How you colour graffiti letters directly contributes to your overall style as a graffiti artist, and in the world of graffiti, style is king. Before you start painting, practice. Lay out the alphabet of your favourite letter style to create a colouring page where you can try different colour combinations and colouring techniques.
- Skill level:
- Moderately Easy
Things you need
- Graffiti alphabet on paper
- Pencil crayons/ink markers/paint markers (variety of colours)
Choose a graffiti-style alphabet with letters that are easy to fill with colour, such as block or bubble letters. Outline each letter with black ink or paint.
Make several copies of your graffiti alphabet colouring page.
Colour the alphabet in one shade. Apply solid colour at the bottom and ease off your art utensil as you work toward the top. The colour should appear to fade out completely at the top of the letters. (The fade effect is often used in large graffiti pieces.)
Choose two complementary colours in either pencil crayon, ink or paint. Block out the top half of the letters with one colour; do the same to the bottom half of the letters with the other colour. Layer the two colours together where they meet in the middle to create a blended effect.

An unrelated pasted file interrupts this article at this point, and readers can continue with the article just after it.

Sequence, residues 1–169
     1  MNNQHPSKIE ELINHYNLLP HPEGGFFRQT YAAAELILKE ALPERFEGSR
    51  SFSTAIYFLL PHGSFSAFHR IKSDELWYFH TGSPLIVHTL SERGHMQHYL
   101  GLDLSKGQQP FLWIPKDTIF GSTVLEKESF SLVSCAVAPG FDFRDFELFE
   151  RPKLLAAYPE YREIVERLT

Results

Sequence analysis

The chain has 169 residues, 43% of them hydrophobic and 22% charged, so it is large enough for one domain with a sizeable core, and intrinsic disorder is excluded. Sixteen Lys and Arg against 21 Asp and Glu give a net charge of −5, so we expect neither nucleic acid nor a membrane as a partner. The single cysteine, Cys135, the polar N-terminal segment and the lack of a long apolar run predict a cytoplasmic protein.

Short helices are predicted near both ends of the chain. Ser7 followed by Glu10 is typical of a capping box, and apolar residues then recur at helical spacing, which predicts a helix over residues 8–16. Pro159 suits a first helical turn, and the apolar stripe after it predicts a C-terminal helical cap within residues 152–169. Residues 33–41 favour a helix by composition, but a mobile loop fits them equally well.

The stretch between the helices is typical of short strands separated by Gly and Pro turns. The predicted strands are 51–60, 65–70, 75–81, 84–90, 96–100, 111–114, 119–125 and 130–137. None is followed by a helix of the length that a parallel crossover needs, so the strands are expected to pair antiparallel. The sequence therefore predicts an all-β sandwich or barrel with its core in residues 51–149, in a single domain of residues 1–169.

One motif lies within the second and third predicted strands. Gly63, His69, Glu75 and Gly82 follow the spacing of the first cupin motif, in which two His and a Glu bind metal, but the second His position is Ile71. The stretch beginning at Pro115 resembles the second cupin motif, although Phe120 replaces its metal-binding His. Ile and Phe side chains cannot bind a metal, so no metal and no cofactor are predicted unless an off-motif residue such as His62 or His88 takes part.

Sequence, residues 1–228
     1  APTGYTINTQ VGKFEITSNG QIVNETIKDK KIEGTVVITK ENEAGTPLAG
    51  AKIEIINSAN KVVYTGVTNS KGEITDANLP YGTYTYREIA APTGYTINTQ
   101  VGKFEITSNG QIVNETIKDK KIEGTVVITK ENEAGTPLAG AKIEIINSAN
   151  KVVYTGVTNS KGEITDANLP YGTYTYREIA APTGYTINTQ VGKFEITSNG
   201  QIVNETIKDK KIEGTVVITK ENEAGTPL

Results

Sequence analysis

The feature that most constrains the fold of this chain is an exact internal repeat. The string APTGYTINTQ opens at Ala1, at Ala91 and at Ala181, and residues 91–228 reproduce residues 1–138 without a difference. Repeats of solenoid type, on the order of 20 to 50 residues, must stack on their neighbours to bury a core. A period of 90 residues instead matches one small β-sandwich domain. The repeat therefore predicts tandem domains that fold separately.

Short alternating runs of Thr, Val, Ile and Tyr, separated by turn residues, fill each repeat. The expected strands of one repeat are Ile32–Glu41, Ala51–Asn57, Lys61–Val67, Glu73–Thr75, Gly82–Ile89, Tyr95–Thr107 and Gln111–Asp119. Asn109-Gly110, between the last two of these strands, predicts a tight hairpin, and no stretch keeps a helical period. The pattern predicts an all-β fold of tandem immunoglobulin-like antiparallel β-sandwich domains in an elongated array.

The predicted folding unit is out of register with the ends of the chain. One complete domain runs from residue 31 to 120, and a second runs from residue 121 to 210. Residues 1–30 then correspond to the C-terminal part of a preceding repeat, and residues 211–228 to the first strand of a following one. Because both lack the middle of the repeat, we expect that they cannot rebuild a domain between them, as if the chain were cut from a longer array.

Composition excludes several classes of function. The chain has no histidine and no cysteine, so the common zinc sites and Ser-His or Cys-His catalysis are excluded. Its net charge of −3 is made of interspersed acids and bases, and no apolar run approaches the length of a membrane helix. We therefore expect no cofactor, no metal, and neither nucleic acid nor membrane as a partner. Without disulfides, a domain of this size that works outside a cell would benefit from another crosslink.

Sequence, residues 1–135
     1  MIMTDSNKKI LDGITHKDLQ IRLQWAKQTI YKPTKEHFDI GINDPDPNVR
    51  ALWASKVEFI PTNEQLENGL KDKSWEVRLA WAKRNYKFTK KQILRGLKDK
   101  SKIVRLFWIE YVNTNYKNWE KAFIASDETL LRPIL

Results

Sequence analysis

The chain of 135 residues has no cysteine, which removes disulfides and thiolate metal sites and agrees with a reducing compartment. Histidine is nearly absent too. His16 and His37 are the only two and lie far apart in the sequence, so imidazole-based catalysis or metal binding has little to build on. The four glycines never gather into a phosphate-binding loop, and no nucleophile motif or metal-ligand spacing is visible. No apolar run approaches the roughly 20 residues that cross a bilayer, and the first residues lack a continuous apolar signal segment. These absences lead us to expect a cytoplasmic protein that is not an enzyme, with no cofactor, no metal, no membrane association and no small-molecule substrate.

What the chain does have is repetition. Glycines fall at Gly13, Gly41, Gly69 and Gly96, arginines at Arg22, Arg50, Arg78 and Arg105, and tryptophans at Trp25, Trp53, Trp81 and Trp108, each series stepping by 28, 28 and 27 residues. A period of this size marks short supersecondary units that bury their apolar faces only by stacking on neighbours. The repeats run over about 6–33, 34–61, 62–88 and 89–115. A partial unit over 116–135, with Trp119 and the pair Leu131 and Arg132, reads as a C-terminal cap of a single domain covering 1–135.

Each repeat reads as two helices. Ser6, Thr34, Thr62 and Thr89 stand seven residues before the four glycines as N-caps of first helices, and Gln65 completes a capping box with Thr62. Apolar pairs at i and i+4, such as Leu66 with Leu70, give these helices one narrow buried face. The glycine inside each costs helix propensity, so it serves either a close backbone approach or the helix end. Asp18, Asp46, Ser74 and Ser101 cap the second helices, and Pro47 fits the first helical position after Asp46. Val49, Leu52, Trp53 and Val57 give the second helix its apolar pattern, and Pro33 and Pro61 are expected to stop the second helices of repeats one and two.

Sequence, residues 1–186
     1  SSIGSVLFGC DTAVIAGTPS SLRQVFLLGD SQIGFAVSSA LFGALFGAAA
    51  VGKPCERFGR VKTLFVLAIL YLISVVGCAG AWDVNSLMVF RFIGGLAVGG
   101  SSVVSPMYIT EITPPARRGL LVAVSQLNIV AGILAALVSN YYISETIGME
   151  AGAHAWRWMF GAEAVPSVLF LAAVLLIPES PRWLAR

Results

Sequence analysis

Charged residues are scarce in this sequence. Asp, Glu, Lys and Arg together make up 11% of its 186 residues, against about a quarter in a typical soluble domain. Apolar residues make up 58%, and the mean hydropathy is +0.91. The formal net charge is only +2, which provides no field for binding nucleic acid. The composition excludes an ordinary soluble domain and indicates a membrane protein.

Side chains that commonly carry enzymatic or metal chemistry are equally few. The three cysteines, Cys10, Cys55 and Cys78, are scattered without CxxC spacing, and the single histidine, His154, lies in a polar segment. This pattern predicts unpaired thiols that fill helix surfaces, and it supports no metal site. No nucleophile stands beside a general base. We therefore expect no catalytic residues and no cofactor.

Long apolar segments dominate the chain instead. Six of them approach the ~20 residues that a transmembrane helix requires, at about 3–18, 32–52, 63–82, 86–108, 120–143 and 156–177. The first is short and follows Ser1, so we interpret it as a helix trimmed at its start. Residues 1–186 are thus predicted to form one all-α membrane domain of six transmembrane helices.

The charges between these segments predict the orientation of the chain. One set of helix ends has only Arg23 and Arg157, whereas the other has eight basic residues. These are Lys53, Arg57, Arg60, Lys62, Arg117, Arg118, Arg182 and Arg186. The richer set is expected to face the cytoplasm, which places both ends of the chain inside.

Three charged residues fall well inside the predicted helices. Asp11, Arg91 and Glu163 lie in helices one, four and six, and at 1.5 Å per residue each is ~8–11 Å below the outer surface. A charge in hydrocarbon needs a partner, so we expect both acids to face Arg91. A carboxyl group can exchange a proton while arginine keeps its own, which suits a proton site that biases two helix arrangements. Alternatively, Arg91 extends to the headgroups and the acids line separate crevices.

Use two or more colours to fill the graffiti alphabet with patterns. Stripes, fish scales, diamonds, fire or colour blocks are all (but not the only) effective patterns. Use high contrast colours, such as yellow and navy blue, for high impact or use two similar shades for a more subtle effect.
Colour each letter in a different colour and create a shiny or plastic effect to the letters by leaving a small white area just inside the top left-hand corners of the letters. The white areas indicate a light source that appears to be shining from the top left of each letter. For a more dramatic or animated effect, draw a white flare (or a small starlike shape) in the same place.
Tips and warnings
- Make plenty of copies of the original, uncolored page. You can reuse the same alphabet over and over to try out new colour combinations.